The responses are full of excitement. ;'I just got goose bumps,'' said a woman in Williamson Valley, north of Prescott, where I was attending an open house for candidates.
''It amazes me that it hasn't happened yet,'' said another woman after I spoke at a meeting of the National Association of Women Business Owners in Phoenix.
''I started crying,'' said a third woman in Tucson after I gave a keynote speech for Native American Wellness Day.
They are responses to the announcement when I'm elected to the Arizona congressional District 1 seat. I'll be the first Native American woman ever elected to Congress. Early in my campaign, I wasn't comfortable talking about the historic nature of my race. Just ask my campaign manager.
This race has never been about me. It's about the people I want to represent and issues they want addressed, like the economy, health care, education and the war in Iraq. It's about getting someone elected who can truly relate to her constituents, but I can't elude questions from the media about making history. My campaign is riding the coattails of what's happening in our presidential race. As a journalist, I reported history. I didn't make history. Eventually, I decided to embrace what will be a breakthrough in the Native American experience.
Three men, Ben Nighthorse Campbell, Tom Cole and Ben Reifel, have made their marks as being the only Native American men to serve in Congress. Women of all other ethnic backgrounds have broken through to join their male counterparts in the halls of Congress, including Shirley Chisholm of New York, who in 1969 became the first black woman elected to Congress. In 1989, Ileana Ros-Lehtinen of Florida became the first Hispanic woman elected to Congress.
Making history is not why I'm running for Congress. When I was asked to consider running, I asked myself two questions. First, ''Are you content with the way things are in America?'' The answer is no, I am not. Second, ''Can you make a difference?'' Yes, I believe I can; but not by myself.
I know what it's like to be on the outside looking in. There's the curiosity factor, wondering what it's like to be part of a club you've never been invited to join. And then it happens. The invitation arrives.
When I attended the University of Oklahoma, I wondered what it was like to be part of a sorority. The college Greek system mostly consists of the well-to-do and most are, well, not Native. Sound familiar? One day, a Native American friend of mine invited me to join her sorority, Kappa Delta. If it weren't for my friend, I doubt I'd ever have received an invitation.
In 1924, Native Americans became U.S. citizens, opening the door for states to give them the right to vote. In 1948, Arizona did just that. While we still enthusiastically practice and participate in our own forms of government, the invitation was extended for Natives to participate in mainstream politics. Statistics show it's been a struggle to get them to the polls. Many Native Americans are still on the outside looking in.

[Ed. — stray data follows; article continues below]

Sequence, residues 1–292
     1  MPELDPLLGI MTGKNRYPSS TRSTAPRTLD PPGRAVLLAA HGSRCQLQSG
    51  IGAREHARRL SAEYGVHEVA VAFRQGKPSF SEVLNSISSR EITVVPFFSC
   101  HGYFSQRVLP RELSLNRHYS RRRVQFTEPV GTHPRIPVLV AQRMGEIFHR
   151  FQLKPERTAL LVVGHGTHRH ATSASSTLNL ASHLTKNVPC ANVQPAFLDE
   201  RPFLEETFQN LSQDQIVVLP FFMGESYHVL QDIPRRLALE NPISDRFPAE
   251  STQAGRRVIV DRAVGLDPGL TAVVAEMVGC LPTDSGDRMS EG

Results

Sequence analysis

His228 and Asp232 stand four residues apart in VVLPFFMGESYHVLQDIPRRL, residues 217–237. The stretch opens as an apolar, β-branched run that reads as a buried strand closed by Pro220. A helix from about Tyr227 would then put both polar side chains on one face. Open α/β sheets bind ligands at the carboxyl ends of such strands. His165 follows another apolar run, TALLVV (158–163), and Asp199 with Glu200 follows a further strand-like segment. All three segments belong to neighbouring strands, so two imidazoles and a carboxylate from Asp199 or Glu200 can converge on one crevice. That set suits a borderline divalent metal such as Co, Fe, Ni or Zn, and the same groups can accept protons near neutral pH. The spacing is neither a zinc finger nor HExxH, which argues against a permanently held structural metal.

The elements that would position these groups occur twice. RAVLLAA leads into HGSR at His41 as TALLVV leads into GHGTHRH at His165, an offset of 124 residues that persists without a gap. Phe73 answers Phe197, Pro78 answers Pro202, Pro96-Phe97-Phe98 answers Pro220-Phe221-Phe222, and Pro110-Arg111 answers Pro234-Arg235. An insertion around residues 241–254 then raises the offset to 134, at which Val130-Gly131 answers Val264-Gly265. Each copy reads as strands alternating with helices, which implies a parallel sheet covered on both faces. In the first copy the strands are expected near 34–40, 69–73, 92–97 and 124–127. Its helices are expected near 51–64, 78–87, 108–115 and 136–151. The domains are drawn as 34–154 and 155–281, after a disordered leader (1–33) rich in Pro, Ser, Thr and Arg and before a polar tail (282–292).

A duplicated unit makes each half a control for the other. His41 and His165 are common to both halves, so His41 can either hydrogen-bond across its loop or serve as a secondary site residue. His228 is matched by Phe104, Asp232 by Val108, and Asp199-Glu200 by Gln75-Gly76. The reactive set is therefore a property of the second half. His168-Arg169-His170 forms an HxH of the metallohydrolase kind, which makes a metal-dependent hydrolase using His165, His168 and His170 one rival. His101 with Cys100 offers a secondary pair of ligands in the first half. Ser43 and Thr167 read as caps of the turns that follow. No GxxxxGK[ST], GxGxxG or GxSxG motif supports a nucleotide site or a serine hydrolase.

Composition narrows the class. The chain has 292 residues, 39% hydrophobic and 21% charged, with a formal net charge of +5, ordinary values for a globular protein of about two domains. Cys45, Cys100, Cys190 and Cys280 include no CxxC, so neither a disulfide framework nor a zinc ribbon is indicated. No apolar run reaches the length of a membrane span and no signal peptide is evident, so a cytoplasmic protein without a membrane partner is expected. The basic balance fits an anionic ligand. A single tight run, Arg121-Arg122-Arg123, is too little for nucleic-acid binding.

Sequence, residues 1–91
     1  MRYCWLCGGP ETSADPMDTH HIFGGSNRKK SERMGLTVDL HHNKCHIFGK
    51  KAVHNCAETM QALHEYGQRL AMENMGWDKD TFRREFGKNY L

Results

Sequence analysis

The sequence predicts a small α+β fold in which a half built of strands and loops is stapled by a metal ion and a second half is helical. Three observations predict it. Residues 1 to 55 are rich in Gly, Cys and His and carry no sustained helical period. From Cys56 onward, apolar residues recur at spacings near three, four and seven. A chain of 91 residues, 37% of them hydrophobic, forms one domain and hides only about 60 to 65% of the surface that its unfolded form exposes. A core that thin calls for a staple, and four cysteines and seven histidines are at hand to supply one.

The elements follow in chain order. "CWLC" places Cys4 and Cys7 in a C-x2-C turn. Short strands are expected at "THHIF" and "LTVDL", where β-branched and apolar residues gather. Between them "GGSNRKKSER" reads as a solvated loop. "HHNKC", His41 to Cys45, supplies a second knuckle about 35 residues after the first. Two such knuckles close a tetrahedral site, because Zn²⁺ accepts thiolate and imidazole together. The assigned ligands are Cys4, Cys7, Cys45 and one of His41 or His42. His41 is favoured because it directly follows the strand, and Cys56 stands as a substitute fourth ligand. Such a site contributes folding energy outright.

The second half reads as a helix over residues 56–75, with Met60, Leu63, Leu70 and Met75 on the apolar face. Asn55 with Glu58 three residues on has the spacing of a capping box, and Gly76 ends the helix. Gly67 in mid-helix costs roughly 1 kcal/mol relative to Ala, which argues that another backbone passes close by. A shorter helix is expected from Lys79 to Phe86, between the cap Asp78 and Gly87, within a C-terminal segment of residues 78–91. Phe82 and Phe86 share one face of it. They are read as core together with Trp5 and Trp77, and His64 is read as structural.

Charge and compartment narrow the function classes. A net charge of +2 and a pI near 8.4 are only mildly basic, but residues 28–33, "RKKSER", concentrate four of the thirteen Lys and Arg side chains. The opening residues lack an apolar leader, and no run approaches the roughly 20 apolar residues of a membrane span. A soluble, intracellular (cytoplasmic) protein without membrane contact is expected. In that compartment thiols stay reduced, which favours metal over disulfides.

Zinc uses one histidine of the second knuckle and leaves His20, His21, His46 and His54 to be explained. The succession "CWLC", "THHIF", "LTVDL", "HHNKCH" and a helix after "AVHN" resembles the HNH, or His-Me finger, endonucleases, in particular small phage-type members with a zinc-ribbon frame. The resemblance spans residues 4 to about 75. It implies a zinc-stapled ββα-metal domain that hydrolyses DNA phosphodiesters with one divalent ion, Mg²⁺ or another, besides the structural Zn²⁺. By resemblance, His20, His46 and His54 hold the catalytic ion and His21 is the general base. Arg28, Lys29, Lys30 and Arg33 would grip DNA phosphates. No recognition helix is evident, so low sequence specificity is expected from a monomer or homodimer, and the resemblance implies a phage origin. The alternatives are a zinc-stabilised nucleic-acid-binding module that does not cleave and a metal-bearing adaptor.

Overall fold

A year ago, I was told by an elections worker that only 2,000 out of a potential 7,000 eligible voters were registered to vote on the San Carlos Apache Reservation, which is where I'm from. On a good year, 50 percent of the 2,000 show up at the polls! Those extra 6,000 votes could influence an election.
In his 2006 book ''Stealing Democracy,'' Spencer Overton includes an overview of voting in most states. I was alarmed to learn between 1995 and 2004, Arizona - with one of the largest minority groups and largest low-English-proficient population - ranked among the top 15 states in voting rights objections and claims per capita, has more federal observers sent in to monitor the elections per capita, has the largest disparities between citizens of color and statewide elected officials of color, and has the largest racial disparities in voter turnout. I hope this moves people, and moves them to make change happen!
I'm doing my part by personally encouraging and registering people to vote. I may sound like a broken record by telling Natives over and over, ''We can help shape policy, elect the right people and let the world know we care by simply showing up at the polls!''
A record number of voters turned out to vote in the presidential primaries. Their votes helped make history. Their contributions also helped.
Votes and contributions are exactly what will help me. Many tribal leaders recognize the need to help Native American congressional candidates to make sure Congress reflects the diversity of our great country. To date, more than 50 tribes have contributed to my campaign. We're now nearing the $100,000 mark in contributions. To them I say, ''Ahe-ya-eh.'' (Thank you.)
Your vote counts as well as every dollar you give. Wilton Littlechild, a Canadian Cree and the ''first'' First Nations man in Canada elected to Parliament, said something to me early in my campaign I'll never forget. He said, ''You can yell or cheer all you want outside of the boxing ring, but if you really want to fight, you get inside the ring.''
I'm now inside the ring, but I need your help to win the match.
Mary Kim Titla, San Carlos Apache, is a Democratic congressional candidate for Arizona's District 1.